You will have to indulge me with this post. I’m heading into the past.
My parents gave me a bag of notebooks, two bags in fact of notebooks. These notebooks contain the scribbles of my 14 to 18 year old self (I’m twenty two now) There is a lot of cringe here, thank you to my teachers who read this stuff, and said they liked it. There is also some nostalgia here. Take a grey notebook, entitled Kelly’s story.
I remember this notebook being the ideal size for me to carry around in my school blazer pocket, taking it out as and when inspiration struck me to write the story.
Tied in with these notebooks is my mental health problems. I literally put everything on these pages. Anything that was too much to handle in my head I made into a story, hence why every character I created had ‘issues’ The characters are also me in various guises. The angry person I was, the searching for belonging person I was, and the person I wanted to become.
Go back even further are my Doctor Who fan fiction stories. My handwriting appeared to be smaller than it is now, but no less messier. I was a Doctor Who nerd in my teenage years. I wrote a lot of fan fiction stories, which then seemed to morph into attempts of a historical story, involving the Tudors, and a murder mystery, which didn’t make the final page of the notebook. There is also a historical story set in 1950s America. No doubt this was inspired by the films I was watching, with Jimmy Dean, Marlon Brando, Cary Grant, and Humphrey Bogart. Again the dialogue cringe is strong here.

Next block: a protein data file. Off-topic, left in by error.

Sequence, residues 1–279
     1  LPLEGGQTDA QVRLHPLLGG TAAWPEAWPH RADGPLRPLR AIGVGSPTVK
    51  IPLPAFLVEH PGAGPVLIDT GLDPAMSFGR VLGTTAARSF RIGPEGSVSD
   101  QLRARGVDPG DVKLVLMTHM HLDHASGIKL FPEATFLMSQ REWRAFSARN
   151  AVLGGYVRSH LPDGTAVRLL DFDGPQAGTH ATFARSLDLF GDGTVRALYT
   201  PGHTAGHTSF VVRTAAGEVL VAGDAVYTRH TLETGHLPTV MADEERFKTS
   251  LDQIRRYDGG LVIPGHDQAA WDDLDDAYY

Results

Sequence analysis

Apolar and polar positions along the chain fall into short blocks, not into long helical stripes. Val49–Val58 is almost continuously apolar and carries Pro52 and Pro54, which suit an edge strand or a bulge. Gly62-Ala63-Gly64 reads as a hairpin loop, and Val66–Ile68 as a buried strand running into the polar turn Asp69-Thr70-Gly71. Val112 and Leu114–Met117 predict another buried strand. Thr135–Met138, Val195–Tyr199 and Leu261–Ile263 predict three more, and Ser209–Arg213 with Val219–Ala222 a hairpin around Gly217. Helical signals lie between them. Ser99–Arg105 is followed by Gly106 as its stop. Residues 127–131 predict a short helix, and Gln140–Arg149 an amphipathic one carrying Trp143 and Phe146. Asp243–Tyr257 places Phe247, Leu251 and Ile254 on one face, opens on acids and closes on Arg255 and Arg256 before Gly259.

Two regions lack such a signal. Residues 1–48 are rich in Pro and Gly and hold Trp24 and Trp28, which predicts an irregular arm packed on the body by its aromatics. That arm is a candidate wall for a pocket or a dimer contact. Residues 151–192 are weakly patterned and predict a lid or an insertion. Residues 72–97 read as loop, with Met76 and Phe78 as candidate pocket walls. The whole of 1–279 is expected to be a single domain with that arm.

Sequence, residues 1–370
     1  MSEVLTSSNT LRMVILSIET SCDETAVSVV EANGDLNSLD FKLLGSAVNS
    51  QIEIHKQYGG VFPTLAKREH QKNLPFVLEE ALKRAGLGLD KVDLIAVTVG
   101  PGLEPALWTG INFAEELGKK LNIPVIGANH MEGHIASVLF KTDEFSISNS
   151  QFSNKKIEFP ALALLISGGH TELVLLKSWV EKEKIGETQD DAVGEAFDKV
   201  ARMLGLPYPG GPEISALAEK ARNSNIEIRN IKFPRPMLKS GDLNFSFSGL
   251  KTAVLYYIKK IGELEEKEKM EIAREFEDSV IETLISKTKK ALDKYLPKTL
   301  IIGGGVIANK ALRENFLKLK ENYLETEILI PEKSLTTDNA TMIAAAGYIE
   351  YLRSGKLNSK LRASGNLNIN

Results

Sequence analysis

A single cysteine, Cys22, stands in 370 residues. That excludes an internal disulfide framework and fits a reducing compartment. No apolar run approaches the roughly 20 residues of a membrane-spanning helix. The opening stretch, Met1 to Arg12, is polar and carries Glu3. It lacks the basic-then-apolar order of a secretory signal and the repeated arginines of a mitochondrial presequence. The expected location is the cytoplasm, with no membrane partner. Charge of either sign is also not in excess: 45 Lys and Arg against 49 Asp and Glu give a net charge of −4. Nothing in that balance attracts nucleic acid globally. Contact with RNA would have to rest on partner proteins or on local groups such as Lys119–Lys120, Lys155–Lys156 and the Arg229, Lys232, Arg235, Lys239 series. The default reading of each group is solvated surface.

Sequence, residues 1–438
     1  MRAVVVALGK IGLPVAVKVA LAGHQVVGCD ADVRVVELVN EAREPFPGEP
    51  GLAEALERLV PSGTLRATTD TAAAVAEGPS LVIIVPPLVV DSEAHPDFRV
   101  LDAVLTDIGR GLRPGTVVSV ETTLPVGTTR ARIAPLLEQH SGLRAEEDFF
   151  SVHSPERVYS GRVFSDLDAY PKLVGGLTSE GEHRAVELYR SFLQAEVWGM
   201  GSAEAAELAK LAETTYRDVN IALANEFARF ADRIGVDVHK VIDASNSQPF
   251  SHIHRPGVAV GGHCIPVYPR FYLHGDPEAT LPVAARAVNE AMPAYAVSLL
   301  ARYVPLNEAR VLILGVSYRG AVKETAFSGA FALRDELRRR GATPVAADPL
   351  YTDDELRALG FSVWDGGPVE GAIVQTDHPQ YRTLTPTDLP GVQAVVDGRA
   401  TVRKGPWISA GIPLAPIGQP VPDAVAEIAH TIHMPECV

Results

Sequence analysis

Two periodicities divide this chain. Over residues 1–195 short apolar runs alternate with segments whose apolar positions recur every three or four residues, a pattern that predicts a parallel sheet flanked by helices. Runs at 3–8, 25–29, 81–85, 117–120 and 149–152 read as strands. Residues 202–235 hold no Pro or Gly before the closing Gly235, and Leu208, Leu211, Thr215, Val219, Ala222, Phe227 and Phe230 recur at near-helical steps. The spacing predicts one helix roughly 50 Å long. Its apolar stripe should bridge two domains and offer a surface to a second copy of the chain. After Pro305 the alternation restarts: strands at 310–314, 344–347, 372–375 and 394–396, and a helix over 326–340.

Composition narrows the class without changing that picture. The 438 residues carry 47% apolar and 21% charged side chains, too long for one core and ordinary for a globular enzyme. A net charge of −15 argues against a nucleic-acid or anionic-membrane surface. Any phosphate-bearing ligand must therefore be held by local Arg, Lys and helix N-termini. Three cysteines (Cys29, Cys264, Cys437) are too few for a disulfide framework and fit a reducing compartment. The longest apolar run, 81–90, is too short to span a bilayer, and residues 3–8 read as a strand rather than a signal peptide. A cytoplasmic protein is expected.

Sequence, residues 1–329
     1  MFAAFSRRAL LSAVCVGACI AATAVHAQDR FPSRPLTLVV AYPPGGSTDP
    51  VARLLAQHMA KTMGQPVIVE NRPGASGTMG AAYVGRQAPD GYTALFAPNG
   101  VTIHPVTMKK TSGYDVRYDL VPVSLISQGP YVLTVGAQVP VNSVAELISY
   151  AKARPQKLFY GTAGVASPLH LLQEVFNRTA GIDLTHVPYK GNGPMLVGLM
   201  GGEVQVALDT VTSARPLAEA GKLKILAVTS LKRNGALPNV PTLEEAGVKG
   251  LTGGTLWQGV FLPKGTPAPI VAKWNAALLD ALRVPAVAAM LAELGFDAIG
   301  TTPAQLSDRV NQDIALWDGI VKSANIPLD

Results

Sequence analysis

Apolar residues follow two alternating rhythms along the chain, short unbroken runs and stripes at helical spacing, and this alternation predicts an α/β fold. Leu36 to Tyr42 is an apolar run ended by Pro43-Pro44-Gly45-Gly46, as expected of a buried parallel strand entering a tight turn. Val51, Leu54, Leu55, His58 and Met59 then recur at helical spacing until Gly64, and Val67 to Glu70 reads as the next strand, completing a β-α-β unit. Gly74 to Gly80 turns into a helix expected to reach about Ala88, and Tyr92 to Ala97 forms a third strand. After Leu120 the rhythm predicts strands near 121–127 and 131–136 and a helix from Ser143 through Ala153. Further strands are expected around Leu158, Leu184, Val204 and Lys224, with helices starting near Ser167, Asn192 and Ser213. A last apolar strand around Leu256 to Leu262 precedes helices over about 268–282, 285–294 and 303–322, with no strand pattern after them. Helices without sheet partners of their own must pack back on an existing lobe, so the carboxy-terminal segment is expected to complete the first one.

It makes me sad seeing these notebooks, because how can somebody with so much potential, so many interests, still slip through the cracks? I was like, and still am, a sponge of knowledge. I want to know everything. I squirrel away facts in my head for fun. I am now, at the age of twenty two, trying to find my way back into society from the wilderness. I guess that is the cruel nature of mental illness. If it doesn’t kill you it leaves you at a serious disadvantage; affecting work, education, your social life.
I started to write poetry when I was 16. I hated it as a 15 year old for my GCSE’s. Who analyses poetry? You’re killing it by doing that. I never want to read The Lady of Shallot again. GCSE’s killed that one stone dead for me. I don’t mind talking, and trying to understand the poem, especially in context to the times it is written in, but analysing it to the very core? God, no. My poetry as a 16 year old was pretty typical stuff; writing about my depression, not fitting in, etc.
All in all, I am glad to see how my writing has matured, and become much more enjoyable to read without ridiculous need for hyperbole.
Thank you for reading my writing. Are there any facts, or figures, which you know, and would like to share? I am all ears.